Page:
29 Met him, and cried out; What have we to do with Jesus
ver. 23. Mark iv. 35. Luke viii. 22. v. 27. Luke viii. 25. Ps. Ixv. 8. lxxxix. 10. v. 28. Mark v. 1. Luke viii. 26. v. 29. 2 Pet. ii. 4 Jude ver. 6. Luke viii. 31. Compare with Rev. xx. 1.
V. 24. On a sudden.] Gr. Behold.
v. 28. Gergesenes.] St. Mark says it was the country of the Gadarenes, v. l. So doth also St. Luke viii. 26. Gadara and Gergeza were two neighbouring cities on the eastern side of the lake of Gennezareth, beyond Jordan. See Josephus of the Jews, 1. ii. c. 20. 1. iii. c. 2.
Two possessed persons.] St. Luke and St. Mark speak but of one, either because there was one fiercer than the other, that called himself Legion ; or because he distinguished himself by offering to follow Jesus, for wbich reason the two Evangelists, St. Mark and St. Luke take notice only of this one. See Mark v. 2. Luke viii. 27, 38.
That came out from the tombs.] The Jewish sepulchres were grottos wherein people could shelter and dwell.
v. 29. What have we to do with you ?] This is a Hebrew phrase, which signifies, Why do you concern yourself about us ? 2 Sam. xvi. 16. John ii. 4. Why do you us wrong? What difference have we had together? What injury have we done you ? Thus 2 Chron. xxxv. 21. Joel iii. 4. See the note on Mark v. 7.
Son of God.] See the note on Matt. iv. 3.
To torment us before the time.] They were afraid of being sent into the abyss, or deep, Luke 31. where the devils are confine the day of judgment. 2 Pet. ii. 4. Jude v. 6. These fancied they ought longer to enjoy the liberty that had been allowed them, of tormenting mankind.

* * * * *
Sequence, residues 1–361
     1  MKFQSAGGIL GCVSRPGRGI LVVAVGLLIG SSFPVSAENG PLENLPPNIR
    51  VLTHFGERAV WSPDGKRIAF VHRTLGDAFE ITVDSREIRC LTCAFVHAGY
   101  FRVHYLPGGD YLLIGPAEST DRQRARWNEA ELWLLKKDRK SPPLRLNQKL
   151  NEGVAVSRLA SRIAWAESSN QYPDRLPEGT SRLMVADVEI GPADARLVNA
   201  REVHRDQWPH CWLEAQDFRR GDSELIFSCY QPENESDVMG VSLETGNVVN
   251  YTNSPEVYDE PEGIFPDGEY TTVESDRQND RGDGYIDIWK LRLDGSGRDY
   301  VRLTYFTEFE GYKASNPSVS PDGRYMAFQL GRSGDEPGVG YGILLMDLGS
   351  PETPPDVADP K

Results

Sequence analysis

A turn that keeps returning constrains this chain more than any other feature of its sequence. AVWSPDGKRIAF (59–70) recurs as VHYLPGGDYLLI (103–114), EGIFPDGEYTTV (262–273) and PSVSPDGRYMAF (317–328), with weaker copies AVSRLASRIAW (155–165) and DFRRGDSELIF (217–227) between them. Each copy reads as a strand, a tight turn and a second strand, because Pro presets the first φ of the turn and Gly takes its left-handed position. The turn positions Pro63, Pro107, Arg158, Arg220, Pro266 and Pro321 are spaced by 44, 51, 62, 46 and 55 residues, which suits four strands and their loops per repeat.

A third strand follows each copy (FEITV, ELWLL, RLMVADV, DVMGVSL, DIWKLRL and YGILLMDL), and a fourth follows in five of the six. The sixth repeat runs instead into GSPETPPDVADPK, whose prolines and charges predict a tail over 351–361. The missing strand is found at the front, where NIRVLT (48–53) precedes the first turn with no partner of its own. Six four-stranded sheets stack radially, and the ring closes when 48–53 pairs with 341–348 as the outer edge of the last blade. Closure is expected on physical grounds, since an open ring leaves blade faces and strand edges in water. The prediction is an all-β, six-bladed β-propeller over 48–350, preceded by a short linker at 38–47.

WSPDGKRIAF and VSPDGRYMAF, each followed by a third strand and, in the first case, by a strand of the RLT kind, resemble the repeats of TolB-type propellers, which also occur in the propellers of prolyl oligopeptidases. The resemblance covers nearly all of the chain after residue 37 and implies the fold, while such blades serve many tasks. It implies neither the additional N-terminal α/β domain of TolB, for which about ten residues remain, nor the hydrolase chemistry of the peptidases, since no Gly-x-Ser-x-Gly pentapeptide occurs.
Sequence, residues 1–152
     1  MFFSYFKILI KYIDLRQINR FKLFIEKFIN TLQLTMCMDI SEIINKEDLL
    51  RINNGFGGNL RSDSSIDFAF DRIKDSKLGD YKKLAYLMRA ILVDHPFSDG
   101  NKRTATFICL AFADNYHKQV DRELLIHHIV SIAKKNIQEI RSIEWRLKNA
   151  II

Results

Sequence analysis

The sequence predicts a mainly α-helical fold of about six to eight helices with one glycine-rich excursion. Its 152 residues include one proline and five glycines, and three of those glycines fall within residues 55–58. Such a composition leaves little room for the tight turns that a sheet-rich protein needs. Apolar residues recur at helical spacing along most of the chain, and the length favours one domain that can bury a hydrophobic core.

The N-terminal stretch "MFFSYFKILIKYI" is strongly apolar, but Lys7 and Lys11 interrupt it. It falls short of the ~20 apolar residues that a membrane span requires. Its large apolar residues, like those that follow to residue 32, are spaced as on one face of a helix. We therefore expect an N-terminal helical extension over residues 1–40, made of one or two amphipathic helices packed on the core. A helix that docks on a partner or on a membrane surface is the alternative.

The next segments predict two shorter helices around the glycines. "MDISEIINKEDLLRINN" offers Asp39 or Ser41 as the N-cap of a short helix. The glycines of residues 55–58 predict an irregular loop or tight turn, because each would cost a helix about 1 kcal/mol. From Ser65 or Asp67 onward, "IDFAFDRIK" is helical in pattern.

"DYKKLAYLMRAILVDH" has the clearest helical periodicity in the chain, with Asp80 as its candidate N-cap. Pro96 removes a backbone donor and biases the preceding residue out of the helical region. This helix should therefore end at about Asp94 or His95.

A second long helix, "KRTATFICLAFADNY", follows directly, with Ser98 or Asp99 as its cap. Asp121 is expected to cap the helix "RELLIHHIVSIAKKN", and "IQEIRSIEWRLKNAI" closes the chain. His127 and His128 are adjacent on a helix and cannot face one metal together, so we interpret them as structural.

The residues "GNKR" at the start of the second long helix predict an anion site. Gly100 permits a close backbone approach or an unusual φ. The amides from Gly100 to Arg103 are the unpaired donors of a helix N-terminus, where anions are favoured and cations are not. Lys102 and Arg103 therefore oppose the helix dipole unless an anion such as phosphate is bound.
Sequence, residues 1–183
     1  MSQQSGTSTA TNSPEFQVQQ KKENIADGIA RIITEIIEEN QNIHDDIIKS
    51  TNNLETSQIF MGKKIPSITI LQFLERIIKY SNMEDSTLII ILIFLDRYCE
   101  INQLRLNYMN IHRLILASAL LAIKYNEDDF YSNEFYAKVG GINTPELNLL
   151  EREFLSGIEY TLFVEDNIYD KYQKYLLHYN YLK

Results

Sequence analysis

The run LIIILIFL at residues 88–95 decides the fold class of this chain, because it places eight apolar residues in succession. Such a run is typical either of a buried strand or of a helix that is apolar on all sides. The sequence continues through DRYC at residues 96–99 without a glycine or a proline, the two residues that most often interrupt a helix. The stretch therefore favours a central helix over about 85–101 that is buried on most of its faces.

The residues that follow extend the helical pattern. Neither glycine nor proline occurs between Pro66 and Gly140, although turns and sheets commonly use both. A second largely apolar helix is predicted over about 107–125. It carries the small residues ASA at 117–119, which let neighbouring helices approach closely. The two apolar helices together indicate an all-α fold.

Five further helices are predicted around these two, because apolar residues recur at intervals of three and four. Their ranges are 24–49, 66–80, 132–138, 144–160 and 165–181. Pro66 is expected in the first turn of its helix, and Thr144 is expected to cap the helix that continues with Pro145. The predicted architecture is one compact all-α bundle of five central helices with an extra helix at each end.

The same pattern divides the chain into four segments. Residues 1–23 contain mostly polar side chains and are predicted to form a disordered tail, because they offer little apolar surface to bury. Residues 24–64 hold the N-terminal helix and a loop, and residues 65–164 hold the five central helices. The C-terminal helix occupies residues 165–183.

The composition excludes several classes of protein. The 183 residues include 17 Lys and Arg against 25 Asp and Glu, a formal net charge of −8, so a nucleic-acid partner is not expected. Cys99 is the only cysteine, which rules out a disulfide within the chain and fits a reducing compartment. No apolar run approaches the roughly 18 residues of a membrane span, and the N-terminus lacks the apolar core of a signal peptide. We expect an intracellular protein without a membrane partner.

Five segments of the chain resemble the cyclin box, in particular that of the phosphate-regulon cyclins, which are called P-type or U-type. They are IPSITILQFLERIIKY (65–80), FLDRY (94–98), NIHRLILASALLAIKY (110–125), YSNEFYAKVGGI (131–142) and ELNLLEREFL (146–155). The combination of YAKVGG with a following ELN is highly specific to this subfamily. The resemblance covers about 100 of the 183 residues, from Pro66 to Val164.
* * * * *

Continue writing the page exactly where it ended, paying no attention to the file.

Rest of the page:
Son of God ? Are you come here to torment us before the time ? 30 Now there was at some distance from them, a great herd of swine feeding : 31 And the devils intreated him, saying; If you cast us out, permit us to enter into the herd of swine. 32 Jesus said to them; Go. The devils therefore, coming out of the possessed, went into the herd of swine, and immediately all the swine were seen to run headlong down a precipice into the sea, and perished in the waters. 33 Then the keepers ran away, and coming into the city, related all, and what had happened to the possessed. 34 Whereupon the whole city went out to meet Jesus, and when they saw him, they desired him to depart out of their country.
v. 30. At some distance from them.] This is literally in the original, a great way from them. But by comparing Mark v. 11. and Luke viii. 32. with St. Matthew it will be found, that the true meaning of the word (uakpav) is that which we have given here. The Latin translator hath rendered it, not far from them.